I'm living a geek dream: I've found a confirmed bug (reg.req.) in Microsoft Visual Studio 2005.
The defect is a little hard to explain, so bear with me. When you create an international application, you need to separate all of the text messages from the program itself. You do this by putting them in resource files, which the compiler merges with the code. You can have any number of resource files, one for each language and culture you want to support, as long as you have at least one "neutral" resource file (which, for us, is always U.S. English). (To see how this works, check out our measurement demo on the Inner Drive main site.)
Now, Visual Studio 2005 allows you to put your source code files into any arrangement of folders you want within a project, so you can organize the project better. For example, our measurement demo uses about 150 C# class files, which we've organized into a several subfolders under the project folder: Measurements, Units, etc.
You also need to know that there are two kinds of objects in the .NET universe: classes and structures. (For more information about this, read the .NET programmer's guide.) They behave very differently under the hood, but as far as the resource compiler is concerned, they're indistinguishable.
Well, not really. I discovered that Visual Studio has a problem compiling the resources of a structure within a subfolder.
Here's how to reproduce this problem for yourself:
- In Visual Studio 2005, create a new C# Class Library project.
- Add a subfolder called "Folder" to the project.
- Add a class file to the subfolder called "MyClass.cs".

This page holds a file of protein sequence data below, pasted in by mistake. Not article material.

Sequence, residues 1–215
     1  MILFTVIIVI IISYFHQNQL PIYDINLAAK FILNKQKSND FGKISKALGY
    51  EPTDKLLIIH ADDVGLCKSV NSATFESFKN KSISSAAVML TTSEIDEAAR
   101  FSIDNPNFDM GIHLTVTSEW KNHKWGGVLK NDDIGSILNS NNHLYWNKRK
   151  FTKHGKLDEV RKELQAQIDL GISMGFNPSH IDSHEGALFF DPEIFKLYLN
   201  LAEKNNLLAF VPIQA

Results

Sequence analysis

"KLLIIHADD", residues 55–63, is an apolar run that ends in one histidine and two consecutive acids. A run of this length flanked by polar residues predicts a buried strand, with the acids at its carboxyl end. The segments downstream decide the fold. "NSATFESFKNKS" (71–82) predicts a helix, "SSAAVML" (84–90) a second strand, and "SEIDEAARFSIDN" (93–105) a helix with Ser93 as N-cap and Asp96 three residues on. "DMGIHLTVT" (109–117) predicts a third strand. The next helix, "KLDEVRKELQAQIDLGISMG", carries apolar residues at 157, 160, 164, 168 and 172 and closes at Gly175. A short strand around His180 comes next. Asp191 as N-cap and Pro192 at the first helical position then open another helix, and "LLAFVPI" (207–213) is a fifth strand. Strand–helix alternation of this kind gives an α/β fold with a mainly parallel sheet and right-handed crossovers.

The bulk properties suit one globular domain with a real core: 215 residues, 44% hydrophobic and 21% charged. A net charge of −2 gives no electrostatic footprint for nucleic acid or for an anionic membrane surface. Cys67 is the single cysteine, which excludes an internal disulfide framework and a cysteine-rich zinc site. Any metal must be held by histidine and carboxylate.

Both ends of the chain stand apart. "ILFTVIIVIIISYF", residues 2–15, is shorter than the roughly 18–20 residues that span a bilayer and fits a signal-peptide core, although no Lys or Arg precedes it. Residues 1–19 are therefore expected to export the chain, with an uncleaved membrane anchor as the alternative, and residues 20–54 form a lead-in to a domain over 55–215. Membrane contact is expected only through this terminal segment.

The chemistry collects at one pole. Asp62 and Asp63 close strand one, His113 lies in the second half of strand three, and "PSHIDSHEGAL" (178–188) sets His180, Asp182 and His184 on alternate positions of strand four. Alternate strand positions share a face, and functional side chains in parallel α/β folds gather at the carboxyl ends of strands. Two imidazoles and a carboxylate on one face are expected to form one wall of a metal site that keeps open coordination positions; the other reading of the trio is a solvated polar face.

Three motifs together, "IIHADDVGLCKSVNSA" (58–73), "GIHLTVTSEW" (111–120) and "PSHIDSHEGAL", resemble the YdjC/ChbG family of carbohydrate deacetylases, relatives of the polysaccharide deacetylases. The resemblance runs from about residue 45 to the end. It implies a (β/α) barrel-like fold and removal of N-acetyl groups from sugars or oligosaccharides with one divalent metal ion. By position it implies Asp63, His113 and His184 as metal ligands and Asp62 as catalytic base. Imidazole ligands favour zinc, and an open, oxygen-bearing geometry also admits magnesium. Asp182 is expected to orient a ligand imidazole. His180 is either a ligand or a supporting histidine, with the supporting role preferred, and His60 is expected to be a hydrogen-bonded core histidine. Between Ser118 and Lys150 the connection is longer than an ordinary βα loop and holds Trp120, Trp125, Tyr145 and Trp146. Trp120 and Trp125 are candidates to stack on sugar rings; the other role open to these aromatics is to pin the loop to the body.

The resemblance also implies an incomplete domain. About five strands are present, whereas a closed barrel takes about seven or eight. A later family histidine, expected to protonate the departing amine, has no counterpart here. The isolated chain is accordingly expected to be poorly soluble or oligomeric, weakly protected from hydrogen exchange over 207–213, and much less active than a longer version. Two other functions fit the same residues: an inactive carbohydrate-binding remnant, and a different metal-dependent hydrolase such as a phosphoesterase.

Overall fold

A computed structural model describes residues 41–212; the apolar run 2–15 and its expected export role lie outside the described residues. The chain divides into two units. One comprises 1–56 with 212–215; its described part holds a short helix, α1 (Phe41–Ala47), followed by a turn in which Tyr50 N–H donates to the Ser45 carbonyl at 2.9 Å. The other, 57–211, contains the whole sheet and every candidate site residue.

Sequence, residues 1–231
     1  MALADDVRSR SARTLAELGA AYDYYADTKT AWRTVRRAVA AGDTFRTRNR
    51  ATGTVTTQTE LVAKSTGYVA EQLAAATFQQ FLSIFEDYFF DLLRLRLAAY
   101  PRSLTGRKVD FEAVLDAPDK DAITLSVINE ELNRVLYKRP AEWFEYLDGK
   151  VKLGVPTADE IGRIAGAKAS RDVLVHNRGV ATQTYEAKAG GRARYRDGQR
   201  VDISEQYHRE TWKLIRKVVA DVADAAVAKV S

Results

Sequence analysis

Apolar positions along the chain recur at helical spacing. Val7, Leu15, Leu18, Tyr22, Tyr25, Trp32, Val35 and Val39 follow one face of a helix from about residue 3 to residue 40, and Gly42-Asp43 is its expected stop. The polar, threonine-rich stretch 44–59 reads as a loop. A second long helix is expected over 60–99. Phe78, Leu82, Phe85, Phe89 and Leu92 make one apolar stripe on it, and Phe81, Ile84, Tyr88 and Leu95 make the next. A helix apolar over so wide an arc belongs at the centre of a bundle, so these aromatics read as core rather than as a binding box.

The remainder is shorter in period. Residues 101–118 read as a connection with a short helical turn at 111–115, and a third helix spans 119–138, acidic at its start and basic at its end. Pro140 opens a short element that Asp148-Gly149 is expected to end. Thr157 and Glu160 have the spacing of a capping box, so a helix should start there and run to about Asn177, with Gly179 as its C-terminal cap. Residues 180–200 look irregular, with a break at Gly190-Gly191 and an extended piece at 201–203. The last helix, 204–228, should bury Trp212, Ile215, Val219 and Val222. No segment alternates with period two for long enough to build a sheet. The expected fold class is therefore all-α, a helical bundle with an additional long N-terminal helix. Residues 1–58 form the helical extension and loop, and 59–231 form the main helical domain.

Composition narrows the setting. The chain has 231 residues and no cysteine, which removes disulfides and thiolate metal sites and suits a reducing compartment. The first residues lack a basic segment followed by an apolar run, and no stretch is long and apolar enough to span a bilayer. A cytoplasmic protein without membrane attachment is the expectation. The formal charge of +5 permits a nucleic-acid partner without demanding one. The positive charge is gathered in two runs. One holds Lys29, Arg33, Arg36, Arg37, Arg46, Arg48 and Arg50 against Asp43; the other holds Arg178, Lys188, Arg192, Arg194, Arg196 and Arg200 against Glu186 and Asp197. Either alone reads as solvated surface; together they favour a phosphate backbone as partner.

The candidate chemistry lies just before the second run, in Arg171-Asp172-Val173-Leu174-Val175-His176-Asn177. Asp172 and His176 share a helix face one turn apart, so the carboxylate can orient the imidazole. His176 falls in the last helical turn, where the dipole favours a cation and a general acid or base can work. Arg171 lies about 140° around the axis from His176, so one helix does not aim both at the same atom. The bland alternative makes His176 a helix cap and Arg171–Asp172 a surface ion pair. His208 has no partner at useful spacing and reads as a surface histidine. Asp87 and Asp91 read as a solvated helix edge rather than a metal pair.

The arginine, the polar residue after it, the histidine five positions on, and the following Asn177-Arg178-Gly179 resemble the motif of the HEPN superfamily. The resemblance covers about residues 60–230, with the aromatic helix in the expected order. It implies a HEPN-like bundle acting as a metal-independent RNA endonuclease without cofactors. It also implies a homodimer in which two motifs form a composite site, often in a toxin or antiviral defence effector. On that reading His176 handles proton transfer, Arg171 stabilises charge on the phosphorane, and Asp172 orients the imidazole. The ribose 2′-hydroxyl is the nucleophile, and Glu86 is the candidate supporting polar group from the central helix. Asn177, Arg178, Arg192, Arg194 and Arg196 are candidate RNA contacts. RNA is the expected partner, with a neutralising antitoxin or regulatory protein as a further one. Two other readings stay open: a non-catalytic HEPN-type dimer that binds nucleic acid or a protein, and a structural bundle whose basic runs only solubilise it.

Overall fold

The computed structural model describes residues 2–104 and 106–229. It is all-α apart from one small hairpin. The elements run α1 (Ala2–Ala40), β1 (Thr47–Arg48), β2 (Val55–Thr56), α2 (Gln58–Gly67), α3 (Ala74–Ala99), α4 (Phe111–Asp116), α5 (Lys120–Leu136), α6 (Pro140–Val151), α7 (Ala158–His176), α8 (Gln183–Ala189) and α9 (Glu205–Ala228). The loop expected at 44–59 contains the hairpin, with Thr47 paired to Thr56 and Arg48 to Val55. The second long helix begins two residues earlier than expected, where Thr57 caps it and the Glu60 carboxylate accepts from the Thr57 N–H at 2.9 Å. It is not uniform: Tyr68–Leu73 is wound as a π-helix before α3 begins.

- In the class file, define the class as an empty public struct (rather than a public class) in the Namespace namespace.
- Add a string resource file to the subfolder called "MyClass.resx". Visual Studio should link the resource file to the class file.
- Delete the resource designer file, if Visual Studio creates it.
- Add a string to the resource file.
- Compile and link.
Now examine the project's obj folder. You will see that the resources .dll is called "Namespace.Folder.Class.resources". If you examine the bin folder and look at Namespace.dll using ILDAsm.exe, you'll see that the assembly refers to Namespace.Folder.Class.resources as well.
Now change the struct to a class, still in the Namespace namespace, and recompile. The obj folder will now contain "Namespace.Class.resources", and the assembly will refer, correctly, to Namespace.Class.resources as well.
I've put together an example of this problem that you can download: VSBug268071.zip (25.44 KB).
The workaround, for now, is either not to put the struct files into subfolders, or to change the structs to classes. Generally we're doing the former, as we're pretty careful about our struct-vs.-class decisions in specific, and we don't want our design choices usurped by the IDE in general.